6 Common (And Curious!) Dog Behaviors and What They Mean

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Every dog owner expects their dog to bark, especially when they see a delivery man at the front door or a stranger entering their house. However, there are countless other dog behaviors you might see daily, and you likely wonder what they mean. From high-pitched howls to walking in circles before lying down, we’ve compiled a list of the most common dog behaviors to educate owners about what they mean – and provide peace of mind that they’re completely normal.

1. Howling

Since dogs can’t talk, they’ve adapted their own way of communicating through noise and body language. Howling is one such mode of communication and often means they sense danger. When your dog lets out a loud and long howl, they’re likely uncomfortable in their environment and suspect their owner is too. The key to identifying the cause is to analyze their body language to understand what’s triggering your dog. In other situations, a dog will howl simply because they’ve been stimulated by a high-pitched noise such as a siren or alarm. Howling in response is their way of expressing that they’re alert and doing their part to warn their owners.

2. Circling Before Lying Down

A form of nesting, a dog circling before lying down means they’re ready for a peaceful slumber. Much like a human arranges their blankets and fluffs their pillow at bedtime, a dog will circle until they’ve identified the coziest spot and position for a long sleep. Circling can help dogs feel more safe and secure and provides them with a sense of control by choosing their exact spot and position for the night. The practice of circling dates back to dogs’ ancestors, before they were domesticated and would only sleep after establishing a “safe nest” in case a predator approached.

3. Tilted Head

It doesn’t get any cuter than when a dog tilts their head, and the reason behind this behavior makes it even more endearing. A tilted head shows that your dog is engaged and paying close attention to what you’re saying or what they’re hearing, very similar to how a human will nod or make eye contact when listening. It also helps them pinpoint where a sound is coming from. Almost all breeds will tilt their head, although it’s a more common behavior in very social dogs who enjoy human interaction (we’re talking to you, pugs!). In rare instances, a head tilt could indicate a medical issue, such as an ear infection. Bring your dog in to see your veterinarian if you notice head tilting that’s not associated with communication or interaction.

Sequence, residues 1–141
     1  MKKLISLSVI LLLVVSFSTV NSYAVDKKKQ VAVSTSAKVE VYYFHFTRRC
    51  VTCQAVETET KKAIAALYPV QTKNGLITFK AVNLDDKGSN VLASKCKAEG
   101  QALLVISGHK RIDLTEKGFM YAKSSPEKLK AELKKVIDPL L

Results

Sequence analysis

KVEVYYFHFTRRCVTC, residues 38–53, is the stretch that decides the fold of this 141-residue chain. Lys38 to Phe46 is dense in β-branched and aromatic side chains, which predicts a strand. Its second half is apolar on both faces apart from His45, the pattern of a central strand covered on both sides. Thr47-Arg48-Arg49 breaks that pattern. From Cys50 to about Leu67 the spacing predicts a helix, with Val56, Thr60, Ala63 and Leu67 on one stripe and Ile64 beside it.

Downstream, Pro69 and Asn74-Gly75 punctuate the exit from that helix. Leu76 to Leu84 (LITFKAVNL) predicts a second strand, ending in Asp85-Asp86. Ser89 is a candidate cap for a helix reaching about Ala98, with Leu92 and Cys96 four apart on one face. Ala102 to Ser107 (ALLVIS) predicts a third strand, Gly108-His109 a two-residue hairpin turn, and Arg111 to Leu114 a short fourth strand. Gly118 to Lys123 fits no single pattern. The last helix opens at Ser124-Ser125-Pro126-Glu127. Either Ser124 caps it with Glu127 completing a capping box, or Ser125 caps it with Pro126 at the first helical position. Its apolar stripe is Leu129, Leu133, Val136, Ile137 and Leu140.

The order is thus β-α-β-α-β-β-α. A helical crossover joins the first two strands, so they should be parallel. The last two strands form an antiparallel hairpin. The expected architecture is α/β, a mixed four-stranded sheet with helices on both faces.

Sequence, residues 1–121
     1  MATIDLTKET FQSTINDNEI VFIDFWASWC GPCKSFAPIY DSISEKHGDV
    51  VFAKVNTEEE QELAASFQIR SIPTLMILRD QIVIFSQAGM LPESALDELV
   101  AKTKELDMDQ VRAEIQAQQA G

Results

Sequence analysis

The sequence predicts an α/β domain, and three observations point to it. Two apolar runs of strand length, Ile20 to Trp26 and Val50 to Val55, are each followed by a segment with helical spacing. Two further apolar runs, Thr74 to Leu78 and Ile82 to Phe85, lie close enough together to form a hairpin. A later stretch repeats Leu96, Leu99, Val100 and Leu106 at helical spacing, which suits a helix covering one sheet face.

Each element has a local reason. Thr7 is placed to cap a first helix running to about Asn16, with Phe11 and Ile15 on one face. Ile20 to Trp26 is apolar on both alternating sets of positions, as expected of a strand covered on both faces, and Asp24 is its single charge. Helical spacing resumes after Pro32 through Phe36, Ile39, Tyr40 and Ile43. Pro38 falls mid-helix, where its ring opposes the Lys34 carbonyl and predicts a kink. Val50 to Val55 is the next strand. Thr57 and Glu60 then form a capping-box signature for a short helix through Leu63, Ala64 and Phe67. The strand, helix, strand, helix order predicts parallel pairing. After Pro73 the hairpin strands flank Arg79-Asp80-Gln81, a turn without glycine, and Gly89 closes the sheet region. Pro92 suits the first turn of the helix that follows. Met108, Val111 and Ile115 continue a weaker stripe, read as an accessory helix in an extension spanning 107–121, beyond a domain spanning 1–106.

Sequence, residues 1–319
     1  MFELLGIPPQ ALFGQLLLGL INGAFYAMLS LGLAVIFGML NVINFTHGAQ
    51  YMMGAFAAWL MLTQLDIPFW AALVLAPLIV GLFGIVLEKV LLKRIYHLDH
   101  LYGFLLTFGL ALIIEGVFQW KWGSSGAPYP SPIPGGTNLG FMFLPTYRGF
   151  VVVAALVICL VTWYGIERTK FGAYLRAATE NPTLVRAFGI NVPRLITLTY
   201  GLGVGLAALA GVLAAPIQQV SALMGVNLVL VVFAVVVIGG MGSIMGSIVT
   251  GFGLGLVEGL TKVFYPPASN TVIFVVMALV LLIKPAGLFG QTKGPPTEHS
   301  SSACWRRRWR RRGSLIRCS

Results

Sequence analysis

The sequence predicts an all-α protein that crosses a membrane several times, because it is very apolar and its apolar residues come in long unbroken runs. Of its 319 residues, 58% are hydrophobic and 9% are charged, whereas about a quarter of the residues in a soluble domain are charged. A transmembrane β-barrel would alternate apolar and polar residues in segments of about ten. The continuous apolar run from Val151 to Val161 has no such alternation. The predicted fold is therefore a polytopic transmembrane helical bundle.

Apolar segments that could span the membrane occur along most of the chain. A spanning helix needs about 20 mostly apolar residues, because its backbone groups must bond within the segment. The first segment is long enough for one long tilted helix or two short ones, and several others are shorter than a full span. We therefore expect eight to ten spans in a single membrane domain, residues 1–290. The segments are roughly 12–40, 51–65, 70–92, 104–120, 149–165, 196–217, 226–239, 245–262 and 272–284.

4. Digging

There are several reasons why a dog is digging, ranging from it simply being fun to a sign of boredom. A dog that lacks toys or playmates will often dig to entertain themselves or will begin to dig into the carpet, couch, or ground if left alone for a long time. During the warmer months of the year, some dogs that spend a lot of time outside will dig holes to lie in and cool down, or they might be digging for small animals or insects — a behavior most common in hunting dogs. If your dog’s digging instinct isn’t too aggressive, it’s best to let them do it to burn excess energy, then follow up with a play session in case the digging resulted from boredom. If your dog’s digging is destructive, Hill’s Pet Nutrition offers tips on how to get them to stop.

5. Butt Scooting

While somewhat funny to witness, a dog scooting their butt across the floor or grass likely signifies they need their anal glands expressed. If not addressed, overfilled anal glands can lead to infection or rupture. Butt scooting and anal licking can also result from skin irritation, food allergies, or intestinal parasites, so if you see your dog scooting on a consistent basis, make an appointment with your veterinarian. The American Kennel Club offers additional insight on butt scooting.

6. Kicking Up Grass

A little-known fact is that dogs have glands on the base of their feet that secrete pheromones — chemicals that dogs use to communicate. If you’ve witnessed your dog kicking up grass or dirt after relieving themselves, what they’re doing is spreading their scent and displaying marking behavior. This is sometimes also referred to as “scrape behavior.” Some dogs will have a natural foot odor that, to some people, smells like corn chips! A dog’s sense of smell is their dominant sense, and there is much we do not understand about what these scents mean to other dogs. Only a dog’s nose knows!

Dogs are clever animals with just as many behaviors and quirks as humans, and most of them are meant to communicate something. Whether they’re feeling anxious or social, each behavior is perfectly normal and helps you understand what your dog is trying to communicate. Contact us if you would like to learn more about common dog behaviors.

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